holding that a violation of TCA also violates Section 1983Summary of this case from Vertical Broadcasting, Inc. v. Town of Southampton
No. 3:97 CV 1292(GLG).
February 17, 1998.
Christopher B. Fisher, Cuddy Feder Worby, White Plains, NY, for Plaintiff.
Richard J. Buturla, Berchem, Moses Devlin, P.C., Milford, CT, for Defendant.
Pursuant to Federal Rule of Civil Procedure 56, plaintiff Smart SMR of New York, Inc., d/b/a Nextel Communications, ("Nextel") moves for summary judgment on all counts of its complaint. For the reasons discussed below, plaintiff's motion (Document # 8) is GRANTED in part and DENIED in part.
Nextel has been authorized by the Federal Communications Commission to construct and operate a digital mobile radio system in Connecticut in order to provide wide-area digital specialized mobile radio services ("SMR Services"). Nextel commenced this action after the Zoning Commission of the Town of Stratford (the "Commission") denied its petition for a special case permit to install a personal wireless service facility on an existing 110 foot tall steel lattice tower (the "Existing Tower"). The Existing Tower is located on a ten acre parcel, in a one-family residential zoning district ("RS-1 District"), owned by Wilma and Petro Fedorko (together, the "Fedorkos"). The Existing Tower is currently used as a windmill. Nextel entered into a lease agreement with the Fedorkos to modify the Existing Tower, by replacing the windmill rotors with a personal wireless service facility, and to place an unmanned equipment cabinet at the tower's base which would be concealed by mature evergreen trees.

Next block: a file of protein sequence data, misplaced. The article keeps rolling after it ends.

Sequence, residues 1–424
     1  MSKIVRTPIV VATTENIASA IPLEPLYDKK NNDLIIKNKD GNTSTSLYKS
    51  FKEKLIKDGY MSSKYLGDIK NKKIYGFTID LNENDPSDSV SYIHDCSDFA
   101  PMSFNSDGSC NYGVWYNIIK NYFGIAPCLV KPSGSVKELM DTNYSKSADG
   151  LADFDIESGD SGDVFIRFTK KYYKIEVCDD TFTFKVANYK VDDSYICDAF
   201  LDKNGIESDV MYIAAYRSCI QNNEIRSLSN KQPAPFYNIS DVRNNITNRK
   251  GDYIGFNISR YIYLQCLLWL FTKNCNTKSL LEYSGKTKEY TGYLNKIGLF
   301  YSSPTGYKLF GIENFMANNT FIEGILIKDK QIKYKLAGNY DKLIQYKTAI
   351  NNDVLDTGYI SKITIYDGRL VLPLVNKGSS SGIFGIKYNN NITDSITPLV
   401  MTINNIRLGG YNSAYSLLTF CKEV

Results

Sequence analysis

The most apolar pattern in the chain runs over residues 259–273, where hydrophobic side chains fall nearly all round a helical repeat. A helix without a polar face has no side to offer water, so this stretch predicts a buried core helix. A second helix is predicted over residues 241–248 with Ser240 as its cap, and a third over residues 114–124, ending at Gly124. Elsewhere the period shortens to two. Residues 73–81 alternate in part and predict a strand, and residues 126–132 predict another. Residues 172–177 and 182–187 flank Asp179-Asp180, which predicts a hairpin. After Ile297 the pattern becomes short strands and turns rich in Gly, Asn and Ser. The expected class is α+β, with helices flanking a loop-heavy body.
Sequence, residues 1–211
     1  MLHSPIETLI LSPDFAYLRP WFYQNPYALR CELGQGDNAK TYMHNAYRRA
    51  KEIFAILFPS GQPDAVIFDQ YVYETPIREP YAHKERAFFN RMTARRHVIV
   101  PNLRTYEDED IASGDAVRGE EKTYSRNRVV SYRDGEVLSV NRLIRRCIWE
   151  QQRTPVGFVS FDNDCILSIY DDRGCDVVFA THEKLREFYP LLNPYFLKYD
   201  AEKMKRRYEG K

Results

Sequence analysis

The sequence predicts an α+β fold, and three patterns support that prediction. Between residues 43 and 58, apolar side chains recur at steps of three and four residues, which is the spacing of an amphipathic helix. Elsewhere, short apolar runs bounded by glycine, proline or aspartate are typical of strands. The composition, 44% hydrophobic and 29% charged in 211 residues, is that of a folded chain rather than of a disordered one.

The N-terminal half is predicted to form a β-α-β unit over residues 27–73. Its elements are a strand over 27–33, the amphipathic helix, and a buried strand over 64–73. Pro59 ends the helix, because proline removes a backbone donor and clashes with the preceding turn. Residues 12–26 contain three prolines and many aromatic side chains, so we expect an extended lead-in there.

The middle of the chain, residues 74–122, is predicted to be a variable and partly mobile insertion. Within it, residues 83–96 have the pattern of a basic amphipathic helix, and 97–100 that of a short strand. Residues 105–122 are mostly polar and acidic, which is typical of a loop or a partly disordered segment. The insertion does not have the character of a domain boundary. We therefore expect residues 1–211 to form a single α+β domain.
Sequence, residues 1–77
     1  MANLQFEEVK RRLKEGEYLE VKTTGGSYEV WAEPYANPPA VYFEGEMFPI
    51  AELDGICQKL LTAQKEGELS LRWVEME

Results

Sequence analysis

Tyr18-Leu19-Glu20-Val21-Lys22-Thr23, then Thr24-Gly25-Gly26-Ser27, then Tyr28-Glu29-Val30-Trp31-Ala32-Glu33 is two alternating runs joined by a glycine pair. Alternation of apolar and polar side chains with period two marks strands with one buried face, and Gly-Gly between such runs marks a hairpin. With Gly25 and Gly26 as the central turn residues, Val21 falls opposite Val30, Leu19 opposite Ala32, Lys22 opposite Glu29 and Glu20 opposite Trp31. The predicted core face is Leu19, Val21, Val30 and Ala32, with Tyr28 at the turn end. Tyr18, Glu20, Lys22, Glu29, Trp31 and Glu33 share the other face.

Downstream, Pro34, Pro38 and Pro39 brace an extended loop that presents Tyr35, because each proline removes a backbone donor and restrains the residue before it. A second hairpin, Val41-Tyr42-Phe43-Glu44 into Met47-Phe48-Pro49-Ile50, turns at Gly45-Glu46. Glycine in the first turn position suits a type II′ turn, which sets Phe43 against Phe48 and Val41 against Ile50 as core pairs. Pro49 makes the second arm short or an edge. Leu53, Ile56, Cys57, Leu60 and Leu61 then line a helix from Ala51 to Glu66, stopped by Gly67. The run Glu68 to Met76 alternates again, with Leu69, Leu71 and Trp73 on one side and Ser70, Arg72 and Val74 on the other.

After securing the lease with the Fedorkos, Nextel applied for a special case permit from the Commission on April 18, 1997. The Commission held a public hearing on May 20, 1997 to consider Nextel's application, and it voted on the petition at a meeting held on June 9, 1997. In a letter dated June 12, 1997, Nextel was informed that the Commission had denied its petition.
Nextel now moves for summary judgment claiming that the Commission's denial of its special case petition violated the Telecommunications Act of 1996, Pub.L. 104-104, 110 Stat. 56 (the "Telecommunications Act" or the "Act") (Counts One-Seven and Count Ten) and the Commerce Clause (Count Eight). Nextel further argues that it was deprived of its federally guaranteed rights as protected by 42 U.S.C. § 1983 (Count Nine). Finally, Nextel alleges that the Commission's denial was arbitrary and capricious under Connecticut state law (Count Eleven).